At 13th overall in our re-draft of the 1993 NHL Entry Draft, Viktor Kozlov was the best Russian player selected out of that class. He actually falls seven spots from his original draft position of 6th overall, and if the draft were to be held again with what we know now, Kozlov would become a New Jersey Devils draft pick, which they’d probably have preferred to who they actually took, Denis Pederson.
Kozlov started his career with the Sharks, the team that drafted him 6th overall. Like many Russians, Kozlov chose to finish his pro career in the KHL, playing in that league from 2009-10 to 2014-15. His NHL numbers were respectable, notching 537 points in 897 games, which is solid second-line level production on any given team.
13 Vaclav Prospal (71st) - Quebec Nordiques
Vaclav Prospal was your typical NHL journeyman, playing in over 1,100 games spread out over seven different teams. It started in Philadelphia, which is the team that drafted him 71st overall in the 3rd round of the ’93 draft. He jumps up a hefty 57 spots in our re-draft after having a spectacular career, scoring 765 points before hanging them up after the lockout-shortened 2012-13 campaign.
If the 1993 draft were to be held today, Prospal would become property of the Colorado Avalanche (or, more accurately, the Quebec Nordiques). What’s especially curious about Prospal’s career when you look back at it is the fact that he played for the Tampa Bay Lightning for three separate stints. He probably regrets leaving for the one season the first time, as he played for the Ducks in 2003-04 before returning to Tampa following the lockout. The 2003-04 season was of course the year the Lightning won the Cup.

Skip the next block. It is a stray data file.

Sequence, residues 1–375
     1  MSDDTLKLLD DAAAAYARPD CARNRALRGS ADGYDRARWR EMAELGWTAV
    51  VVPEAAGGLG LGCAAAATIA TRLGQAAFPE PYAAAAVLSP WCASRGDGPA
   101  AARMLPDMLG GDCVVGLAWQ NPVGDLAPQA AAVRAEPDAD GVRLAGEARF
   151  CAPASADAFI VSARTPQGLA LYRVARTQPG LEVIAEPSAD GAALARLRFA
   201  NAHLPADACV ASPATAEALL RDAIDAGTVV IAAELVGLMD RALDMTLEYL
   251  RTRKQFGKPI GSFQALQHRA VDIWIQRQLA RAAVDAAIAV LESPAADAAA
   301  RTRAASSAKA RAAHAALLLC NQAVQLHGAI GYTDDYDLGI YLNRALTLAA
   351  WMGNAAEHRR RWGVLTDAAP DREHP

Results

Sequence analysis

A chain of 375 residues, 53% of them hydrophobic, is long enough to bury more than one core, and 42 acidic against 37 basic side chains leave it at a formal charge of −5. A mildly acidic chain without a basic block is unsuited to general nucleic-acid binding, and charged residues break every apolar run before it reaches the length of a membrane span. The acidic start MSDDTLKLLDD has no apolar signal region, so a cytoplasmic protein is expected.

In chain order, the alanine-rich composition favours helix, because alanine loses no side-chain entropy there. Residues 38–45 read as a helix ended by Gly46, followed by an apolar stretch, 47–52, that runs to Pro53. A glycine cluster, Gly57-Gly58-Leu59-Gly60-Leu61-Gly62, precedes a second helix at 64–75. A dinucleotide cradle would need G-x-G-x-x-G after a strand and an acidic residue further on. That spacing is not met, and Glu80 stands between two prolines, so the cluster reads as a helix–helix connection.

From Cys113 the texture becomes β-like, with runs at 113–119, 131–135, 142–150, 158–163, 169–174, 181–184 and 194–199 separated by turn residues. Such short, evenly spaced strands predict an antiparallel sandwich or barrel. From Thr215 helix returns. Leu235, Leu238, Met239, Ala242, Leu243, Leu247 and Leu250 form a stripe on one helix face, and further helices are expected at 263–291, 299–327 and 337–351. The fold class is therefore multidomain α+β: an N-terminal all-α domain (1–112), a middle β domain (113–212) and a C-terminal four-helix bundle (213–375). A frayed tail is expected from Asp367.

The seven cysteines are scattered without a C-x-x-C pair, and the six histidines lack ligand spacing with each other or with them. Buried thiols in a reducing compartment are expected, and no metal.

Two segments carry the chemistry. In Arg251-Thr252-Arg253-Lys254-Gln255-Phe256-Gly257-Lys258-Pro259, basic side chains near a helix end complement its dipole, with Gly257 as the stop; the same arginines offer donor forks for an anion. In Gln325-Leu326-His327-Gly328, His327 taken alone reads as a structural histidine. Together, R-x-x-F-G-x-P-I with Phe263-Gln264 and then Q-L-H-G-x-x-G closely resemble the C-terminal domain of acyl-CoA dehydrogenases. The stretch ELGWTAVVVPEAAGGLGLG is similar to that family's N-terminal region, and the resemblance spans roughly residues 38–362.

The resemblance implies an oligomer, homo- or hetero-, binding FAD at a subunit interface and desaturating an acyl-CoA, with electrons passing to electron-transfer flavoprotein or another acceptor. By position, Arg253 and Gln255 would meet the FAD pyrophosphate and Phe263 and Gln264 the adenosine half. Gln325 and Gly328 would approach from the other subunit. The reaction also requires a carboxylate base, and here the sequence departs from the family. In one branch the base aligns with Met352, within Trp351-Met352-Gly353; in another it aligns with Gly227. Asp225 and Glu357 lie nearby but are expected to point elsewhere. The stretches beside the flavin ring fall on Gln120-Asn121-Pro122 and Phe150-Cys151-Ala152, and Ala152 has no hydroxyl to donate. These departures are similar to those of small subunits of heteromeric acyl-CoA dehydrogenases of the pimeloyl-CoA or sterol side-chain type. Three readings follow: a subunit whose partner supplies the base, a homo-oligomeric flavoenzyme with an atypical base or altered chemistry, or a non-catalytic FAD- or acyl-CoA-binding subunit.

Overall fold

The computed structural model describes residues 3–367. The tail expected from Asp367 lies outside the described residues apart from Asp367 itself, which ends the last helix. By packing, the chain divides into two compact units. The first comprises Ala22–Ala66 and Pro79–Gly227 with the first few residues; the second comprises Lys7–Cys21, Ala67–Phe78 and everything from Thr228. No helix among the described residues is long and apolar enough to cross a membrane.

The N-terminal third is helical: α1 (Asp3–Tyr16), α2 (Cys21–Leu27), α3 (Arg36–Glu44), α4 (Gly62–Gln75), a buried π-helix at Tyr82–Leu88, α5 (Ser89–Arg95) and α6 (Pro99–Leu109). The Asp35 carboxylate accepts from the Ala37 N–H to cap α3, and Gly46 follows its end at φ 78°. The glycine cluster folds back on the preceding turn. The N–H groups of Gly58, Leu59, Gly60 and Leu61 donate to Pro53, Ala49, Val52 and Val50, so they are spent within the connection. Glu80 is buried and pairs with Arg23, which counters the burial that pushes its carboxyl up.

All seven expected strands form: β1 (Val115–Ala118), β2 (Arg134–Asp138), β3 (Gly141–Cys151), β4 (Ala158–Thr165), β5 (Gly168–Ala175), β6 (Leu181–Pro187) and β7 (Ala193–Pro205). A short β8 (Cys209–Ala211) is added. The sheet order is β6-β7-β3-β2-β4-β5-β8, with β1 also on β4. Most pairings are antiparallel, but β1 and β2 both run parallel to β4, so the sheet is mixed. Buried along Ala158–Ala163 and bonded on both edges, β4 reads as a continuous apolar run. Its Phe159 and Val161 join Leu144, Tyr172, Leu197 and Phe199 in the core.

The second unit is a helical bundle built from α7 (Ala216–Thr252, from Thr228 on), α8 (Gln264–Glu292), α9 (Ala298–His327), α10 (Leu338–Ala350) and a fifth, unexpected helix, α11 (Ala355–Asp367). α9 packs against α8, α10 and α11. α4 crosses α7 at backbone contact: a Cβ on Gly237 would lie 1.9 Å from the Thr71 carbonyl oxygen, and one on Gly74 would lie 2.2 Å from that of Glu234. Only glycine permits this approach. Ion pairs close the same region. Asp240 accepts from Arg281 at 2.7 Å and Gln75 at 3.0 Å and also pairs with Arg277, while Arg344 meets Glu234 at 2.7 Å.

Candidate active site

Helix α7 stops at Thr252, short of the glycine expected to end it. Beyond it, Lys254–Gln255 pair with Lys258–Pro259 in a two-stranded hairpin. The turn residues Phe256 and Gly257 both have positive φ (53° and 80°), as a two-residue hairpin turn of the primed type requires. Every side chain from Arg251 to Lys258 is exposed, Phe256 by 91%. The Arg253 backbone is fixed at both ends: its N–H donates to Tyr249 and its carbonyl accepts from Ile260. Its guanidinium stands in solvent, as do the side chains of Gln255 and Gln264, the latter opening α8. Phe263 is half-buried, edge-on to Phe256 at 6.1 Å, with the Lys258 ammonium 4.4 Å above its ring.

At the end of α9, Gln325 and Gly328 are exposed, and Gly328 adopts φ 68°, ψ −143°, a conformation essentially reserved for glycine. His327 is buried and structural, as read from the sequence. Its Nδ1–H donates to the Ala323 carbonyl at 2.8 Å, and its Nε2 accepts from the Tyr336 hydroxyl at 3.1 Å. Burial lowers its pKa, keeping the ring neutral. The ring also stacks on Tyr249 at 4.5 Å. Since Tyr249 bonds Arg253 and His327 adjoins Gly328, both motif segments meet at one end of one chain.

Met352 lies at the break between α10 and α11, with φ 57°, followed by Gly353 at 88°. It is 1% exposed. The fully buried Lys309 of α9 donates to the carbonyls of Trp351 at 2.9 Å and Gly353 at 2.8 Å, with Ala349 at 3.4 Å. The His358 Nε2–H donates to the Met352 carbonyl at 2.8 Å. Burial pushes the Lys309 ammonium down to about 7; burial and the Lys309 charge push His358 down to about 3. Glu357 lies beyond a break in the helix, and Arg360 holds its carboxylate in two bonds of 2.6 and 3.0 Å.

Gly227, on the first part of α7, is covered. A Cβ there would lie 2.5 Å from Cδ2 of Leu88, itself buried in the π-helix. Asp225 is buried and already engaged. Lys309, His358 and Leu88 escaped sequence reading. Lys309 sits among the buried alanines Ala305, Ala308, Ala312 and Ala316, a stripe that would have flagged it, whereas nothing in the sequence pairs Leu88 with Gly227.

12 Mike Grier (219th) - Winnipeg Jets
Former St. Louis Blues draft pick Mike Grier jumps all the way into our top-20 of the re-draft, which is no small feat considering that he was originally a 9th round pick (219th overall). The big winger never played a game with the Blues, but made his presence felt as a member of the Edmonton Oilers in 1996-97, as Grier finished playing college puck for Boston University in 1996.
If the draft were to be held again today, Grier would end up a member of the Winnipeg Jets, who selected Mats Lindgren instead (coincidentally, both Grier and Lindgren began their NHL careers as members of the Oilers). By the time Grier decided to hang up the skates for good, he had played 1,060 games (the 14th most from the draft class) and registered 383 points playing primarily third-line minutes throughout his career.
11 Chris Gratton (3rd) - Edmonton Oilers
Chris Gratton actually slides down 13 slots from his original draft position of 3rd overall, but he still manages to stay inside the top 20 and land at number 16. Gratton, originally a Tampa Bay Lightning draft pick, would have ended up a member of the Edmonton Oilers if the draft were done again today. The Oilers would have likely preferred Gratton to Nick Stajduhar, who played all of two NHL games.
Gratton was a top prospect because he absolutely lit the world on fire in junior, putting up 109 points in his draft year with the Kingston Frontenacs. Unfortunately for Gratton and the Lightning, he never became that elite producer at the NHL level, though he still had a long and respectable career. In his 1,092 career regular season games, Gratton notched 568 points.
10 Darcy Tucker (151st) - Washington Capitals
Maple Leafs fan favorite Darcy Tucker comes in at number 17 on our re-draft, which represents a jump of 134 slots from his original position in the 6th round (151st overall). The Montreal Canadiens had originally picked Tucker, which is somewhat ironic considering that he had his best seasons skating with the Leafs, the Habs’ biggest rival. Tucker would become a member of the Capitals in this hypothetical situation.